Life can hand you some major upsets, but some are somewhat within our control. Especially in the summer months, when many of us go on a vacation, visit family and friends, our homes are more prone to break-ins and burglaries. Whether you’re enjoying a cocktail in Tulum or simply away at work, we’re sharing 9 ways that you might be making your home more vulnerable to intruders and how to make smarter home safety decisions.
- You leave mail or newspapers piling up: the first way that a potential burglar knows if the homeowners are away is by seeing an untouched pile of mail or newspapers at the front door. Solution: ask a neighbor, family member or friend to swing by to pick it up every so often.
- Your front door is unlocked, has a hollow core or a small strike plate: it seems almost too obvious but most intruders come through the front door. Since the majority of robberies happen between 6 am and 6 pm, it’s the easiest way for them to get in without being noticed. Solution: switch out your front door for sturdier option and most importantly, change out the strike plate (the part where the lock enters the door jamb to keep it secure).
- Your front door has glass and your alarm system is installed nearby: most alarm systems are installed near the front door but if you have a front door with glass, this often can give potential invaders the ability to see if your system is on or not. Solution: talk with your security company to find a more inconspicuous place to put the alarm system.
- You put packaging of expensive purchases near your trash bins: we all have done it before. You’ve just purchased a top-of-the-line flat screen tv and the last thing you want is that huge box in your house. In a hurry, you leave it next to your trash bins, accidentally signaling to others that you have something of high value in your home. Solution: get a box cutter, break it down and bundle it up so that others can’t see the brand name or labels.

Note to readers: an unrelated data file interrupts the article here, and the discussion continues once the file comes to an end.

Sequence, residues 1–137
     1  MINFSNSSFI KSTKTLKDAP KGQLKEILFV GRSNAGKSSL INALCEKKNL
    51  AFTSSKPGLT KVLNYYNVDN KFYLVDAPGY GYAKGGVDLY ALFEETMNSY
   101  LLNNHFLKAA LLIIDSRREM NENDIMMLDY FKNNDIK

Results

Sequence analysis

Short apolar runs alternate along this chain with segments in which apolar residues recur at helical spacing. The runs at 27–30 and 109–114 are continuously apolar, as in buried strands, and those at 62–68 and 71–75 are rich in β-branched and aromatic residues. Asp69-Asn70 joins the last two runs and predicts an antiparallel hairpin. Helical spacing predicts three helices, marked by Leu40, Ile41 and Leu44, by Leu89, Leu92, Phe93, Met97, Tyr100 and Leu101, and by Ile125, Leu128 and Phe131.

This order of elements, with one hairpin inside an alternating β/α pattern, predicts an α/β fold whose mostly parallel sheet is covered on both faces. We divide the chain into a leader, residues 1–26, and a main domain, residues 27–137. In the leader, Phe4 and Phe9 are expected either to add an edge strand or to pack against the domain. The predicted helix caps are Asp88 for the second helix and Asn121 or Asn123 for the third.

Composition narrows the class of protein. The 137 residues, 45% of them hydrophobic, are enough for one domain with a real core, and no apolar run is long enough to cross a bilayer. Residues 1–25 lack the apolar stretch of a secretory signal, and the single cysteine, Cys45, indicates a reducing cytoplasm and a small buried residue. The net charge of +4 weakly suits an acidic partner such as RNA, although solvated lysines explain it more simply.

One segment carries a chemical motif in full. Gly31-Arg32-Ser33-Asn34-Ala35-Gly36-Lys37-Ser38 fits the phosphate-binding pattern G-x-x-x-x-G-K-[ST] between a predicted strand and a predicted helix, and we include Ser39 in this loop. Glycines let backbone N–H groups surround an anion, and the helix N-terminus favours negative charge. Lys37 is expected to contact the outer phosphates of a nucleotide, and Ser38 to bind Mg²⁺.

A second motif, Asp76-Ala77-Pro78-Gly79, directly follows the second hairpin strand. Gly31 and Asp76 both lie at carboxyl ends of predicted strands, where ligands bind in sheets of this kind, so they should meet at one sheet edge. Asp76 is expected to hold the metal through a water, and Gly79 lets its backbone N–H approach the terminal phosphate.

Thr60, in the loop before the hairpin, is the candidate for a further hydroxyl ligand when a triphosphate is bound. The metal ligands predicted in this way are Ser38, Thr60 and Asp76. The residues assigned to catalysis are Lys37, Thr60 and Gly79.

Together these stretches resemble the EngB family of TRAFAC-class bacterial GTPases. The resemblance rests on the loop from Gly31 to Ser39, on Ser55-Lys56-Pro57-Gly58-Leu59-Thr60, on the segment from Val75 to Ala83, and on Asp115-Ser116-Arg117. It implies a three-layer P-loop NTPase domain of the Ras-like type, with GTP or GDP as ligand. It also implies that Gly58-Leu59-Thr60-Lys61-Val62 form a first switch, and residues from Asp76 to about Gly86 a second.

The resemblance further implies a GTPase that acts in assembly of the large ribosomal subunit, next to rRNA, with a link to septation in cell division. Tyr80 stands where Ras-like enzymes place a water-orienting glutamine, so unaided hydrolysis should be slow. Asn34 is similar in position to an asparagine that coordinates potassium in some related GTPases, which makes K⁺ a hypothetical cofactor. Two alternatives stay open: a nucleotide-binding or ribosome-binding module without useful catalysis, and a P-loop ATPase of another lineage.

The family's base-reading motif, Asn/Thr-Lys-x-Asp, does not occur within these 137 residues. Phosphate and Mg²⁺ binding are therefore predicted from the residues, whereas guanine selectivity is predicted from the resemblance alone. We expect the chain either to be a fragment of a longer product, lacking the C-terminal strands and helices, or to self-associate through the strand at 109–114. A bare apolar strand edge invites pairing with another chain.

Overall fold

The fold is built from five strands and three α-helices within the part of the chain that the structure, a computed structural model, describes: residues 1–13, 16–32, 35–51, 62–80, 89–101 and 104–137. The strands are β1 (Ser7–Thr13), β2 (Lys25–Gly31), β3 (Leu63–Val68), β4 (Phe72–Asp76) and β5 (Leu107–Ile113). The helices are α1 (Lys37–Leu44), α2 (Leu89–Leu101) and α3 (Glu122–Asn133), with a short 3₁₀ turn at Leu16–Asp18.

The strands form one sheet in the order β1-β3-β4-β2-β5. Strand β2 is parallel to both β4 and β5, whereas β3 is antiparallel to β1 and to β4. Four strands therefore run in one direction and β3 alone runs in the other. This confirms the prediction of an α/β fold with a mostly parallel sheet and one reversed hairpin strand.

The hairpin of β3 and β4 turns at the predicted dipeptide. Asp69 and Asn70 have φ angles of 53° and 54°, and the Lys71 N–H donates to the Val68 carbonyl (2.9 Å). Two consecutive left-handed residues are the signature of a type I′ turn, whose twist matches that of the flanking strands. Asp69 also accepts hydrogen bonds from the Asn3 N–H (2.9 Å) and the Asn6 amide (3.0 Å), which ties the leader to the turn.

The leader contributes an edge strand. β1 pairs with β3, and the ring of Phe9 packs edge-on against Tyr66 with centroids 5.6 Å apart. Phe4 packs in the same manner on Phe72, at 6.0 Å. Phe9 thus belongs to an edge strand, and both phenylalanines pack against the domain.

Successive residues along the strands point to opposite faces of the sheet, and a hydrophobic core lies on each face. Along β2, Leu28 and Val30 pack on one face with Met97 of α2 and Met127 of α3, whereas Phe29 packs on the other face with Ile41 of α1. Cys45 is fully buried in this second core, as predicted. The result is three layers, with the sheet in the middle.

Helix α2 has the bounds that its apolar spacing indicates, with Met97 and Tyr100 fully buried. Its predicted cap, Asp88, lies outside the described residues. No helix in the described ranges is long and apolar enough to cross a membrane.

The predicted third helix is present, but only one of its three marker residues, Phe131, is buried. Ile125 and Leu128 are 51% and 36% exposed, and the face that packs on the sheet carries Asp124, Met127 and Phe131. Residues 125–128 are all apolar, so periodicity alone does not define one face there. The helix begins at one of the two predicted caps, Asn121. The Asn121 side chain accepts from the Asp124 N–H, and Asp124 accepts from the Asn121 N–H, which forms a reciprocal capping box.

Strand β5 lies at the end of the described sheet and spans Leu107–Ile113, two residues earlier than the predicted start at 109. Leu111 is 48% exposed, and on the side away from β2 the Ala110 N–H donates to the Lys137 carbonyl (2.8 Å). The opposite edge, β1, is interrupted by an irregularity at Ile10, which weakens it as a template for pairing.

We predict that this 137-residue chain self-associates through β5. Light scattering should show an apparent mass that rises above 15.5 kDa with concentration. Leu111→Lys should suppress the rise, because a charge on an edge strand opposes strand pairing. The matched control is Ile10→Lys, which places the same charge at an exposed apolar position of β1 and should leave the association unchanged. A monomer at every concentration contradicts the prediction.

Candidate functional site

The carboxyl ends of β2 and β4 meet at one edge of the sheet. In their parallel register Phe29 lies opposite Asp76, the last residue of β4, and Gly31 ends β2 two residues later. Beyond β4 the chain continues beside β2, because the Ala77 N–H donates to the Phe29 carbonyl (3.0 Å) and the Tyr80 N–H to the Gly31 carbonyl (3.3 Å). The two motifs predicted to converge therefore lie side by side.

- Let workers use your bathroom: as we mentioned previously, the majority of burglaries happen during the day. Burglars tend to be people that have come to your house previously under the guise of another profession – an electrician, a cleaner, a delivery person… By using your bathroom they have a chance to case the house and unlock a back window. Solution: when asked, apologize and say that your guest bathroom is currently out of order. If you prefer to let them use it, walk them to the bathroom and back and be sure to check the windows once they leave.
- You don’t know or aren’t friendly with your neighbors: close, tightknit communities, where neighbors know each other well are much less likely to get hit by robberies. We’d all love to live in a utopia where our neighbors are our best friends, which is rarely the case, but having a cordial relationship with them can work to your advantage. Solution: know their names, maintain a somewhat friendly relationship with them so that they can be a second pair of eyes while you are gone. If you’ll be away for a while let them know so that they can pay extra attention to any unusual activity. And have them pick up your mail while you’re at it.
- You don’t change your garage code or signal: an old garage remote left in the car, a codifier with the numbers worn down, or even an open garage…this is the part of the home we are least vigilant about when it comes to points of entry. Solution: change your remote’s signal (they can be easily duplicated) or code every so often. And be sure that your garage can’t be easily manually opened.
- Your backyard and front garden are dark: the lack of light with high bushes and shrubs makes it easier for intruders to hide and find an escape route. Solution: motion-activated floodlights make sure that your property remains illuminated when necessary without having to spend too much on electricity.
- You post your check-ins and photos on social media while you are away: you’re in a beautiful location with magnificent views – of course, you want to share it on Instagram! But the reality is that this is a relatively easy way to let everyone know that you’re not home. Solution: this one is tricky since completely abstaining from putting vacation photos on social isn’t always realistic. If possible create a private account for more personal images and never make status updates, plane tickets, or check-ins public.
Image from “7 Ways to Design Your Beach Home For Winter”, published on December 27, 2017.